The preface of the edition gives a brief summary of the Venetian domination of Crete, citing few major works that are indispensable for dealing with this material. Venice acquired Crete in 1204 but faced problems in its colonization, which was completed in stages throughout the first half of the thirteenth century. An island whose population was made up of indigenous Greeks, a Jewish minority, and a large number of Latin settlers, Crete and its rich extant archival material offers a unique opportunity to study a multifaceted, polyglot society. Page xii addresses one of the major issues to be faced by those who study Venetian Crete, namely how to define the ethnic identity of its people and the interaction among the various ethnic groups. McKee is an expert on this as she has dealt with these issues in her dissertation and her published work extensively. She wisely offers the reader a succinct, sharp account of the state of the question, pointing to the difficulties that any attempt to differentiate between Latins and Greeks present us. The question of language as it has been treated by Angeliki Laiou, "Observations on the Results of the Fourth Crusade; Greeks and Latins in Port and Market," Medievalia et Humanistica 12 (1984): 47-60, and Charalambos Gasparis, "The Language of the Venetian Bureaucracy. The Juxtaposition of the Latin and Greek Language in Medieval Crete (13th-135th centuries) (In Greek)," Symmeikta 9, pt. 1 (1994) 141-156, could also be indicated as another important source of information in this respect. Why is it, for instance, that no notarial records written in Greek have survived in the fourteenth century when we have such material in later centuries? Is this an indication that in the earlier centuries of Venetian rule Greek was perceived as a threat? Does this imply that the authorities had not yet been exposed to the Greek language, or does it point to a lesser status of the Greek population at the beginning of Venetian rule?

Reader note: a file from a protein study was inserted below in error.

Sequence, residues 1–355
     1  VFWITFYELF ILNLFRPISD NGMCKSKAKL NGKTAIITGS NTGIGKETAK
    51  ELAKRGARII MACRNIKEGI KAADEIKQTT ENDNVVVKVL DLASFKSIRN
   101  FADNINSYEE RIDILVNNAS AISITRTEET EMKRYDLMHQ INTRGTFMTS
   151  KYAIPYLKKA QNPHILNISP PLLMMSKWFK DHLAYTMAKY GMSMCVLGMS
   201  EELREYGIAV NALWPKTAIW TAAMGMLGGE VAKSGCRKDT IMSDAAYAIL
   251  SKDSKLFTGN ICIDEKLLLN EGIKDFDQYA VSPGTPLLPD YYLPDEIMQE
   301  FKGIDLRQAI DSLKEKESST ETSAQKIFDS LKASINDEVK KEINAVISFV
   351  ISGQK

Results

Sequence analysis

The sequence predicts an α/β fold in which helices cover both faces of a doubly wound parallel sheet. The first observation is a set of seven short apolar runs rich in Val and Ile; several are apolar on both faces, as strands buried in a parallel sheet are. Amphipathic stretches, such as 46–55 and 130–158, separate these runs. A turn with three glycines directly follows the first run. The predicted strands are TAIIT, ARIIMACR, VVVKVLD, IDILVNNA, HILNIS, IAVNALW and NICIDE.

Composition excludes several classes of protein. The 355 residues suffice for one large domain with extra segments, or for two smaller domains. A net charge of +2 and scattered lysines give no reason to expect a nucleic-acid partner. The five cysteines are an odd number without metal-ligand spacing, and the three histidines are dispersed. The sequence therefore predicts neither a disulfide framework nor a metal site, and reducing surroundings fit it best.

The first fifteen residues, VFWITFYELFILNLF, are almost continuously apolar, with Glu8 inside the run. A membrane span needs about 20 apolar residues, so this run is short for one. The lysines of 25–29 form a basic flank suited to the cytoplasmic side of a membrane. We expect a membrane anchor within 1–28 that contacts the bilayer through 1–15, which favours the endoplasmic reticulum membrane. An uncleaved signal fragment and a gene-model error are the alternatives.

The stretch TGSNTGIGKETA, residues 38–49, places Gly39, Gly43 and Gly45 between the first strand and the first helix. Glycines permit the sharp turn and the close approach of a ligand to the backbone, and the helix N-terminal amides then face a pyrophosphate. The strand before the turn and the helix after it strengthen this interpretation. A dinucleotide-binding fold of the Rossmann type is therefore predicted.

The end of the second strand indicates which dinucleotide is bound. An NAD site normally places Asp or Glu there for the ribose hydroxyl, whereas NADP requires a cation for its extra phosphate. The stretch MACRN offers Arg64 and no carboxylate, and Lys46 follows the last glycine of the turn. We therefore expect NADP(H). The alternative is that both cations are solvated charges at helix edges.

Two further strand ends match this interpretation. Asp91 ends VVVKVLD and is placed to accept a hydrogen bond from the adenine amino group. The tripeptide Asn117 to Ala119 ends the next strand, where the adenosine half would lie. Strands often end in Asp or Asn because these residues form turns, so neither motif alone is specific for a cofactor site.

In addition to the helpful discussion of the various formulae that are followed in most testaments (p. xiii) it would be useful to the researcher to be aware of the peculiarities of the physical location of these documents in the Venetian archives. For instance, although in most cases the wills are assembled in separate folders, there are cases where testaments are found within the protocol of the notary interspersed among other notarial acts. Every folder ( busta or registro) in the State Archives of Venice (Archivio di Stato, thereafter ASV) may contain the protocols and acts of more than one notary, as is evident from a survey of the contents of volume two which are all taken from busta 295. Often the folios are not numbered or are left unbound and it is quite hard to retrace one's way through the material. In this magisterial transcription of documents there is no clear indication of the manipulations that the editor has had to perform on the material in order to present it in the necessary seamless way required by the edition. For instance, which are the wills that are found in between other notarial acts? What percentage of the notarial material extant from Crete contains wills? Are there notarial registers that do not contain any wills? Finally, it has to be pointed out to the reader that the wills are usually written in a more careful hand than other notarial acts, often singled out in their own folio. Here a photograph or two would have made a big difference.